Matthew Commons was single and listed his hometown as Boulder City, Nevada, a community about 30 miles east of Las Vegas. His divorced parents now live in Virginia.
The elder Commons, a history teacher, said his son visited his middle school classroom in Fairfax County in December, dressed in his Army Ranger battle dress uniform. He planned to follow his father into the classroom once he left the military, Gregory Commons said.
“There are times he said to me, ‘You did OK,'” Commons said.
Matthew Commons and six other soldiers were killed Monday during the bloodiest operation of the war – an air and ground offensive against al-Qaida forces in the snowy eastern Afghanistan mountains near the town of Gardez. An American soldier was also killed Saturday.
Commons also grew up in Indianapolis, Indiana, and leaves behind relatives in central Indiana who plan to travel to Virginia for his funeral on Monday. He will be buried at Arlington National Cemetery.
His grandmother, Martha Commons, of Indianapolis, described her grandson as “full of fun” and noted that he followed his father's path into the military after high school.
“I have some misgivings about war – period,” Martha Commons said. “I'm not bitter. I would prefer that we weren't over there.”
“Matt is a good example of what's right about kids in America,” said Lynn Stewart, a Boulder City High School government teacher and Vietnam veteran who said he remembered Commons well.
“He was a good, solid kid,” Stewart said. “He loved his country and was willing to put his life on the line.”
Pam Murphy, a mother whose son, Shawn Murphy, was a close friend with Matthew Commons, said the family had seen Commons at Christmas.
“He was excited because he was training to become a Ranger,” Pam Murphy said. “He was a good and honorable kid.”
Commons was a member of the 1st Battalion of the 75th Ranger Regiment, based at Hunter Army Airfield in Savannah, Georgia.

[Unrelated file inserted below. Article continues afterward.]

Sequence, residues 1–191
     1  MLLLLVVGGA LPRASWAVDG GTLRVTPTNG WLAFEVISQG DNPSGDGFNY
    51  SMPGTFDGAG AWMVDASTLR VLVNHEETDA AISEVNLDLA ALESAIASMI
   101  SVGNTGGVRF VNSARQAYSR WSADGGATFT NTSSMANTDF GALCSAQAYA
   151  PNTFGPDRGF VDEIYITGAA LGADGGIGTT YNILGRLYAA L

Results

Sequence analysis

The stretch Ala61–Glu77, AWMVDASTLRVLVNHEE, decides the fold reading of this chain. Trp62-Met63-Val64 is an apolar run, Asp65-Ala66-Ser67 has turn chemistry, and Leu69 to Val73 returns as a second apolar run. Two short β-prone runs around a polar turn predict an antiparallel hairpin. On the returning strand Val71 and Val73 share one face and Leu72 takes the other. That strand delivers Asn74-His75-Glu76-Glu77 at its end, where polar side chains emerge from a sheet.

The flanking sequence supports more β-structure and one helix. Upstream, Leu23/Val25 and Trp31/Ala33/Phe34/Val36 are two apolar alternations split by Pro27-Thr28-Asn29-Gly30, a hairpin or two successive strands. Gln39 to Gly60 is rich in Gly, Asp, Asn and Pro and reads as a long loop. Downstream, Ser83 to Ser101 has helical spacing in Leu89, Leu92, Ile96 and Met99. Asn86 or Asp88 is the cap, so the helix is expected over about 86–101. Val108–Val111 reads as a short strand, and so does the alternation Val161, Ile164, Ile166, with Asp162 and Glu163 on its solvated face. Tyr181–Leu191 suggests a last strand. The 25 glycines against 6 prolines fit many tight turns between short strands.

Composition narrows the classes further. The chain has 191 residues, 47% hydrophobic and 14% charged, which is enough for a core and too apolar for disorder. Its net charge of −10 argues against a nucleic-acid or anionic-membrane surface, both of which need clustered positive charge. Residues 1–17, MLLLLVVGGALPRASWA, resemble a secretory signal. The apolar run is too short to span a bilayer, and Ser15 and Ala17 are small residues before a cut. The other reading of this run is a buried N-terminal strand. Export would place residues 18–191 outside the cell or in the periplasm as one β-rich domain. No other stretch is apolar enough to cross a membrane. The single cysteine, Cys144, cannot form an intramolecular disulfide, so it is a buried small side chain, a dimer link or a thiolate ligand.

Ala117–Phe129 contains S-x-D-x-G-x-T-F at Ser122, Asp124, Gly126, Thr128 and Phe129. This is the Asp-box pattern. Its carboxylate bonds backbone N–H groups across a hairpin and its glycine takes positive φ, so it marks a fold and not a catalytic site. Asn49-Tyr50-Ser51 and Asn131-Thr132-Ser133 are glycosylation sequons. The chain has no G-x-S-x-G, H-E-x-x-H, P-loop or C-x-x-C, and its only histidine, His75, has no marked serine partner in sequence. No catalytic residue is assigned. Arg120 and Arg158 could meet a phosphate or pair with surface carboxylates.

Gregory Commons said the Army told him his son was engaged in a rescue operation when he was killed.
“He gave his life to save the life of another Ranger,” the elder Commons said.
He said he and his wife, Patricia, had two sons, Matthew and Aaron, now 18, before they divorced in 1986. Matthew Commons lived with his mother, now Patricia Marek, outside of Boulder City, but spent summers with his father. Aaron Commons now attends college in Colorado.
Matthew Commons was a soccer player, a class officer and an honor student. He graduated from high school in 1999, but dropped out of the University of Nevada at Reno and joined the military for “some structure,” said Gregory Commons, the ex-Marine.
“When he called to tell me he joined the Army, I said, ‘You did what?' He was tough, he was macho. He was proud of being a Ranger.”
Commons, an Indiana native, said he and his former wife agreed after their divorce to put their differences aside when it came to raising their two sons. She returned to Virginia to share their grief. Patricia Marek could not be reached for comment.
“We cried through the night,” Gregory Commons said. “He took the best from the both of us.
“He was a good kid. I'm going to miss him.”
Former high school girlfriend Brittney Haworth, 20, of Las Vegas, said Commons had been e-mailing and calling her from Afghanistan every few weeks.
“He was an amazing guy. When he first told me he was going over there, I was really scared, but I was really proud of him,” said the Mandalay Bay resort hostess, who dated Commons for about a year. “He was excited to be doing what he was doing and he was doing exactly what he wanted.”
Commons is the second Nevada serviceman to die since fighting began in Afghanistan. Jason Disney, an Army specialist from Fallon, died February 13 at Bagram Air Base, 40 miles north of Kabul, Afghanistan, when a large piece of equipment fell on him.
March 06, 2002
Boulder City soldier ‘gave the ultimate,' even in death
Patricia Marek, mother of Private First Class Matthew Allen Commons of Boulder City, knew something was wrong Monday when her 21-year-old son failed to call home as usual.
Military officials on Tuesday informed her and her ex-husband Gregory Commons, that their oldest son had died that day of a fatal head wound, killed in Afghanistan during an Army Ranger mission to rescue another U.S. soldier captured by al-Qaida fighters.
Commons, a 1999 graduate of Boulder City High School, was one of seven U.S. troops killed Monday, and the second Nevadan to die in Afghanistan this year. Just more than a week ago, Army Specialist Jason A. Disney, 20, of Fallon, was killed in an accident at Bagram Air Base near Kabul.
Commons, whose father and grandfather served as Marines in the Vietnam War and World War II respectively was remembered today by family, friends, local and state leaders as a well-liked, thoughtful young man who was active in his church and worked summers as a deckhand on a Lake Mead tour boat.